Printer Friendly

Dominican Republic: taxes hinder profits for grower.

Dominican Republic: Taxes hinder profits for grower

Coffee producers in the Dominican Republic say government taxes are cutting into their profits and making coffee production a less attractive industry. Low profits and plunging world market prices, coupled with the migration of farmers to urban areas, they feel, presents a bleak future for what was once a thriving business.

Law 199 of 1975 forces coffee producers to pay a 40 percent tax for each 100-lb. bag sold over 400 pesos (roughly US$64). That legislation was imposed after the government saw the chance to profit from high market prices following the Frost that destroyed most of Brazil's coffee crop that year. The law put more than US$15 million into the government's coffers last year, while sinking producers into an economic crisis.

"Law 199 penalizes coffee production since it absorbs some 90 percent of what could be profits for producers," says Eusebio Guzman, president of the Dominican Coffee Grower's Association. "While, last year, the government made millions from the tax, thousands of coffee producers were not able to afford new clothing or shoes for themselves or their families," he adds, noting that wage increases for laborers and an overall 60 percent inflation rate have added to the crisis.

Though Article 4 of the law stipulates that the tax may be suspended, whenever wage hikes and the cost of raw materials have a negative impact on profit margins for producers, the government has been reluctant to hear the sector's pleas to that effect. In August of 1978, President Joaquin Balaguer suspended the tax, just days before transferring power to incoming President Antonio Guzman. President Guzman, fearing that this could be a political tactic from the opposition party, to deprive his administration of those funds, reinstated the tax a few days later.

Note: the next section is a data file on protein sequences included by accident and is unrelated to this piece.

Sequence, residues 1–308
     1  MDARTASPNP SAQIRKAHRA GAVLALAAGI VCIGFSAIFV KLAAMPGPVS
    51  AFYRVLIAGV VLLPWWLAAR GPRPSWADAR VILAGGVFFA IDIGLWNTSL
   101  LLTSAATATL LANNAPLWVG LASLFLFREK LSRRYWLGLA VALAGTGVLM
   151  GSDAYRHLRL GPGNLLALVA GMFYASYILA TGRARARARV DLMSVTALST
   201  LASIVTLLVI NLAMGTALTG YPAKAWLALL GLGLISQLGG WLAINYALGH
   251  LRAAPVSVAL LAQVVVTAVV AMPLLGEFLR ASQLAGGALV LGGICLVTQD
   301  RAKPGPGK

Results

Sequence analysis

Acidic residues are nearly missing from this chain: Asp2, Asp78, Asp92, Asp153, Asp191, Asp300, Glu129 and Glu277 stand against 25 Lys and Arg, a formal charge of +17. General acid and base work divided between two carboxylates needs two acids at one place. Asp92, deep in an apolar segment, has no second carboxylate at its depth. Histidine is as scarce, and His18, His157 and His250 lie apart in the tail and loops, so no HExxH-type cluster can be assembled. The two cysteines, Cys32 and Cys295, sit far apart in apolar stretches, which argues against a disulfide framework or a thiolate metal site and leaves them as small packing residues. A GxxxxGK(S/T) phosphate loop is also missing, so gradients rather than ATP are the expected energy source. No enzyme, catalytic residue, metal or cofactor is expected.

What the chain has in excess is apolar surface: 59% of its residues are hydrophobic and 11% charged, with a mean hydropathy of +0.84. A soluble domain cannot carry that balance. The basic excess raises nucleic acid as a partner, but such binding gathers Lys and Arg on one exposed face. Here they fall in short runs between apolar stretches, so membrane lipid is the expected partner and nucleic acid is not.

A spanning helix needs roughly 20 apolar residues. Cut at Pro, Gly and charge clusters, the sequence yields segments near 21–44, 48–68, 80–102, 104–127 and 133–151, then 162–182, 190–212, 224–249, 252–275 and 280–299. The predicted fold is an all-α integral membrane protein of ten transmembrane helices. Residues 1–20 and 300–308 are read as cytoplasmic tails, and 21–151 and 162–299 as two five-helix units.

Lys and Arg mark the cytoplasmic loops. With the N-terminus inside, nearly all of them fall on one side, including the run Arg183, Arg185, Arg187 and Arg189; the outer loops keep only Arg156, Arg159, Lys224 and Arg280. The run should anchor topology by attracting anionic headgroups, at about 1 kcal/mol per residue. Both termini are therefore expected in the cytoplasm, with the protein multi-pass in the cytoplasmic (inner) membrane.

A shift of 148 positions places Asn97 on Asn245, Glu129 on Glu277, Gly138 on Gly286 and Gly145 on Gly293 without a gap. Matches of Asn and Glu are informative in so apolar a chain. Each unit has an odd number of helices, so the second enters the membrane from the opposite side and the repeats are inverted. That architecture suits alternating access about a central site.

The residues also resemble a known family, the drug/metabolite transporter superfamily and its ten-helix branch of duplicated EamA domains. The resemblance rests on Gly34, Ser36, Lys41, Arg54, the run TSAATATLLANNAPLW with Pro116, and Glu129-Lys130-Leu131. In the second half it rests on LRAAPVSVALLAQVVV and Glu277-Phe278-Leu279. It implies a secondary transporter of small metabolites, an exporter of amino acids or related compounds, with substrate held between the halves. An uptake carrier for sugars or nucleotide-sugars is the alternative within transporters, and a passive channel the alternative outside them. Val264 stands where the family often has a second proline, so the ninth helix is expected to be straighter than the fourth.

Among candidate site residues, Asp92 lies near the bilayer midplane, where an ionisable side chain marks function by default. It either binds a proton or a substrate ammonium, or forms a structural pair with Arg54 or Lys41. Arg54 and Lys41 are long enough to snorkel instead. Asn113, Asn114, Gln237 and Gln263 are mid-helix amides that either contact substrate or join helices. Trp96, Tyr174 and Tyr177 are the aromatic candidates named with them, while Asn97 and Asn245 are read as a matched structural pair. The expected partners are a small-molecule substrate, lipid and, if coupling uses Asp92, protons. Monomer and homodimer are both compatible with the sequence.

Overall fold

"When he was re-elected in 1986, President Balaguer found the law in effect, eight years after he had suspended it, yet, despite repeated requests by producers, he has failed to revoke it at this time," says Eusebio Guzman, noting that the conditions for enforcing Article 4 have existed for some time. "Besides rising production costs, salaries have risen by close to 500 percent in the last 10 years." Workers earn the equivalent of some US$4.50 a day.

In fact, Law 199 has become an important issue in the upcoming presidential elections, scheduled for May 1990. Association officials have already met with presidential candidates to discuss the issue. According to Guzman, all except for President Balaguer, who may himself seek re-election for a sixth term, have vowed to suspend the tax if elected.

"More than half of the country's coffee producers are bankrupt since they're investing more in their crops than what they are making as profits," Guzman explains. While many have already fled to towns and cities in search of jobs, others have switched to more profitable crops. "There is no incentive for people in the countryside, who have an agricultural vocation, to work in the fields."

Yet, there are those who, following family traditions, continue to plant coffee. An estimated 70,000 coffee farmers cultivate some 160,000 hectares of coffee fields throughout the Dominican Republic. The average size for their plantations is two hectares. Most plantations are strewn along the country's Central Cordillera which includes Duarte Peak (10,000 ft.) - the Caribbean's tallest mountain.